This was in September 29, 2008 and was in reaction to the US recession. The Fed Reserve, realizing there was a shortage of American currency, in the EU, decided that it would improve swap facilities to $620 billion from $290 billion with central banks from overseas. It also announced that it would buy mortgage and debt, which was worth $800 billion. This would be a separate fund from Troubled Asset Relief Program, which was also formed to combat the effects of the recession and was worth up to $700 billion. By December 2008, the Fed Reserve had independently spent over $1.2 trillion in the purchase of specific financial assets. A significant amount of the funds used by the Fed Reserve was meant to rescue firms deemed ‘too big to fail”. The Fed Reserve used, up to $100 billion, to buy debt from Freddie Mac and Fannie Mae, as well as up to $500 billion to buy mortgage-backed securities from these firms. This intervention by the Federal Reserve went some way in buffeting the banking sector from the economic and financial recession, especially with the over $200 billion given to security holders with the backing of consumer loans like student loans and credit cards. This kind of intervention normally works to unfreeze consumer debt markets (Amacher & Pate, 2012). Part Two: The Effect of Bank Lending on the Economy With the availability of competitively priced loans and cheap loans dwindling, more consumers have become increasingly concerned with regards to their finances (Amacher & Pate, 2012).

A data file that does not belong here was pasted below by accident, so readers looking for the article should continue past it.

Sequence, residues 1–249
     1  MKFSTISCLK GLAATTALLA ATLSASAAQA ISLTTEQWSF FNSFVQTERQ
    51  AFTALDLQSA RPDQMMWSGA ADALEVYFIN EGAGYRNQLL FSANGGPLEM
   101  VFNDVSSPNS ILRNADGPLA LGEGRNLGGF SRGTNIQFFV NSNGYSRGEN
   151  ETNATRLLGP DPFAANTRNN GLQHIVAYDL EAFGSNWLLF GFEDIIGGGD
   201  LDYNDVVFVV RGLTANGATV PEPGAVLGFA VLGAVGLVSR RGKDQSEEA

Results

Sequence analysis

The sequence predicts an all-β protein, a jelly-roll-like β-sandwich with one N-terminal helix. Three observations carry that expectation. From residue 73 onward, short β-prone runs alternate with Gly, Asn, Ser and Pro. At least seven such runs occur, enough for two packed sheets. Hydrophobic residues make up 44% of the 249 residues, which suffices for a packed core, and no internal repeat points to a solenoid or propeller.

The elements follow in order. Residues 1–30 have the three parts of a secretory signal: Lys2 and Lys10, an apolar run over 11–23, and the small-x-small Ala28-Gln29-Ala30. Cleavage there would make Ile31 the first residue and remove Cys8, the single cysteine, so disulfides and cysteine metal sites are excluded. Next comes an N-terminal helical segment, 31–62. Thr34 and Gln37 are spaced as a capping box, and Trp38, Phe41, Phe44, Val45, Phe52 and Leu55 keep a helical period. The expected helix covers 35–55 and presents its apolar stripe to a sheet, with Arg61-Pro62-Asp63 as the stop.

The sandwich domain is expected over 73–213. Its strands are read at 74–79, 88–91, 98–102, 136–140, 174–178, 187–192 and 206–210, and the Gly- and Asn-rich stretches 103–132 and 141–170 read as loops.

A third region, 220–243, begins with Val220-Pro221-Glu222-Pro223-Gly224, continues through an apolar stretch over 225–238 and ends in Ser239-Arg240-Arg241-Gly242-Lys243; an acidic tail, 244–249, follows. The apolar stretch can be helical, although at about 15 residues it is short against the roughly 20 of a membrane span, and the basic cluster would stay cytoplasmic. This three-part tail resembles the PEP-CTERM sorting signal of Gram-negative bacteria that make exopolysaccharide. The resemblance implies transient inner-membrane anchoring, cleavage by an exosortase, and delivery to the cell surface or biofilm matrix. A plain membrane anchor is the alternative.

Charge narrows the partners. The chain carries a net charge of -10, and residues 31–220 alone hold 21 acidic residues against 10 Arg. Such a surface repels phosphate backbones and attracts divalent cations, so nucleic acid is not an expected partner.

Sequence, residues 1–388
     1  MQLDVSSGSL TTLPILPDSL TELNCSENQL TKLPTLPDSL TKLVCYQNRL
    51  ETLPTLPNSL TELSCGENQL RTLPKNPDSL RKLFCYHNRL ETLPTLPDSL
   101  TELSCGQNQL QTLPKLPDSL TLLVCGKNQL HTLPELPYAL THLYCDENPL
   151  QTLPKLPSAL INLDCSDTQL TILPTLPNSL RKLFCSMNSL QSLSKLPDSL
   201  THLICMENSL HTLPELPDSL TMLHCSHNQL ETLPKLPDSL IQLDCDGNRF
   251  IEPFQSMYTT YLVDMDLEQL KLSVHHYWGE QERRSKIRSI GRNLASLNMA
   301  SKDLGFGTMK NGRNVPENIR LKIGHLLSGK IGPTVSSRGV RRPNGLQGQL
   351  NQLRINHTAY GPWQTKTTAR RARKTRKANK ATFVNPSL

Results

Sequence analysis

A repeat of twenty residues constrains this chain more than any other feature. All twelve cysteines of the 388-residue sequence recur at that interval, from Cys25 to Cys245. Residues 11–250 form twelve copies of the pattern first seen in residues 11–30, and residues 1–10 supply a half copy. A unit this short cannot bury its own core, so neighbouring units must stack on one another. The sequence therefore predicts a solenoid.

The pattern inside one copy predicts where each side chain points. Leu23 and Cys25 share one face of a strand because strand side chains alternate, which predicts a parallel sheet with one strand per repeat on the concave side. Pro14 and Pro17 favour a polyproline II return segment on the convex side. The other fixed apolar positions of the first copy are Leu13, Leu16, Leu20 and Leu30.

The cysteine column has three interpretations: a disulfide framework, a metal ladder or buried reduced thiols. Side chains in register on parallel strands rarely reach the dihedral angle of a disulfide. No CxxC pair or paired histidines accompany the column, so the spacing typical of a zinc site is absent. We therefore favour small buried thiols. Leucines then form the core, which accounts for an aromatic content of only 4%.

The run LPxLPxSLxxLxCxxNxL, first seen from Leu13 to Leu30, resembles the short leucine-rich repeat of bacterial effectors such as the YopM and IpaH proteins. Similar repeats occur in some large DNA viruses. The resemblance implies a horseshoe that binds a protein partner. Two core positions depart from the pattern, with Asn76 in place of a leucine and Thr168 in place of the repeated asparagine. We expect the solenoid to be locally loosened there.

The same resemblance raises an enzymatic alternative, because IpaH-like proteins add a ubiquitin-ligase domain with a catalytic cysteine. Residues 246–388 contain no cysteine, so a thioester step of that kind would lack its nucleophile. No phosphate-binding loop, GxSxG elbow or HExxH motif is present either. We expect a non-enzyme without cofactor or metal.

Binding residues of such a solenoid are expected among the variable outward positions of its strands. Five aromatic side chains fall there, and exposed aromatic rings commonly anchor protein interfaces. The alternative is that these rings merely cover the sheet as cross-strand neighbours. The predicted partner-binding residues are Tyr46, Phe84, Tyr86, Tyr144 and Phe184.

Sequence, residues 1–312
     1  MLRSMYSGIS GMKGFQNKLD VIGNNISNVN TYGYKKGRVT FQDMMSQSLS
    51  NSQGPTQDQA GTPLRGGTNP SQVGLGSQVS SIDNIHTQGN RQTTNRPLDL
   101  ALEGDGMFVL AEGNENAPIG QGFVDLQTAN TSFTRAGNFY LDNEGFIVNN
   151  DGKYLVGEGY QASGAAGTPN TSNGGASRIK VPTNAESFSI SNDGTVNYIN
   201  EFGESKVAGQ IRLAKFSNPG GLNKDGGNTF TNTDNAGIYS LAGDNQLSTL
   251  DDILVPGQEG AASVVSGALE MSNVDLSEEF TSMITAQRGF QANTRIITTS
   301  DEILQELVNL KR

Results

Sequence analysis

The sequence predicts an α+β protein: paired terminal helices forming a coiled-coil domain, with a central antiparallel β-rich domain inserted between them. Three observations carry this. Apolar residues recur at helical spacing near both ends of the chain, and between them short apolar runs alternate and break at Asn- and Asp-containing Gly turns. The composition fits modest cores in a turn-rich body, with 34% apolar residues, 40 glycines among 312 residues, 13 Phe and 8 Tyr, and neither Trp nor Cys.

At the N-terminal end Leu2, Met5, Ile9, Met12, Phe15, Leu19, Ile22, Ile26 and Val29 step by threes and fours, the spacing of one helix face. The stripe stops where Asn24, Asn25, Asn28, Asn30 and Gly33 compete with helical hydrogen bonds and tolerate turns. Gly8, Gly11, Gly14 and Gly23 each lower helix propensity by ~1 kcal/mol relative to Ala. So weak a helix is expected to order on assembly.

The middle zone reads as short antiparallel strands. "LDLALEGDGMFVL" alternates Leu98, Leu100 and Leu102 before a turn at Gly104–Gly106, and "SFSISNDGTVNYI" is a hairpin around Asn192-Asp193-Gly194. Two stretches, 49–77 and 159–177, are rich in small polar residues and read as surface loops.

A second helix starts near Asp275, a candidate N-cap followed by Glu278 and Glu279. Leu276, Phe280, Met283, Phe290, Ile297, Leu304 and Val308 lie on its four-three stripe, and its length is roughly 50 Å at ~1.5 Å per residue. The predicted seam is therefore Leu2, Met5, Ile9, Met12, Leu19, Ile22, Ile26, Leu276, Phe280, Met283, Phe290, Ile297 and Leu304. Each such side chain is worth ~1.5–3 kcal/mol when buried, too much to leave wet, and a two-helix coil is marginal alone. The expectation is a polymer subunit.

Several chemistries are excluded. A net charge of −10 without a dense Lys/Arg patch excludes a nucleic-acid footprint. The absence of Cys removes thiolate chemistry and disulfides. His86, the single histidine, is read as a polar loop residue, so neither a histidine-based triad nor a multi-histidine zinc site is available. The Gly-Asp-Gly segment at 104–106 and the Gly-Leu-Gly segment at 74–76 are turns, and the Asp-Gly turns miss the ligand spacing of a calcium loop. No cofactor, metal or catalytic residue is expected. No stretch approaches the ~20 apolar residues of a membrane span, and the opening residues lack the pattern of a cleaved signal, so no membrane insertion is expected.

Because of the issues that have befallen the wider economic and financial market, slightly more than 20% of American consumers are more concerned about borrowing via credit cards and personal loans. For this reason, consumers tend to take steps to reduce their spending as low cost consolidation loans becoming a way of doing this. In addition, increasingly more consumers tend to reduce expenditure because of concerns about increased repayments on loans, spending less money and saving more of their money. The credit crunch also affects business investments since businesses are forced to decrease or even stop investments as they cut down on borrowing. As banks tighten their credit, loans become too expensive and businesses cut back on borrowing (Amacher & Pate, 2012). Since businesses rely on the banking system being healthy, the bailout occasioned by the financial crisis has resulted in a credit crunch, which has seen banks putting money in US Treasury Bills, rather than loaning it to businesses and consumers. Ultimately, the above strangles business investment. The credit crunch also leads to reduction of wealth as consumers and businesses cannot borrow to create wealth, which has a knock on the effect on aggregate demand, shifting it leftward (Amacher & Pate, 2012). The credit crunch eventually leads to decreases in financial and other stocks, leading to decreased expenditures, which shifts to the left the demand curve. The GDP also underperforms when there is a credit crunch since resources are not used effectively due to decreased borrowing, which ultimately hurts business confidence and decreases investment. Finally, the credit crunch also increases unemployment since businesses cannot borrow to pay staff wages and suppliers, which leads to staff lay-offs. In addition, the still employed staff cuts down on their spending, as a result, it affects, the demand for products and services from other companies, which are also forced to lay off staff. This causes a downward spiral that leads to people losing employment (Amacher & Pate,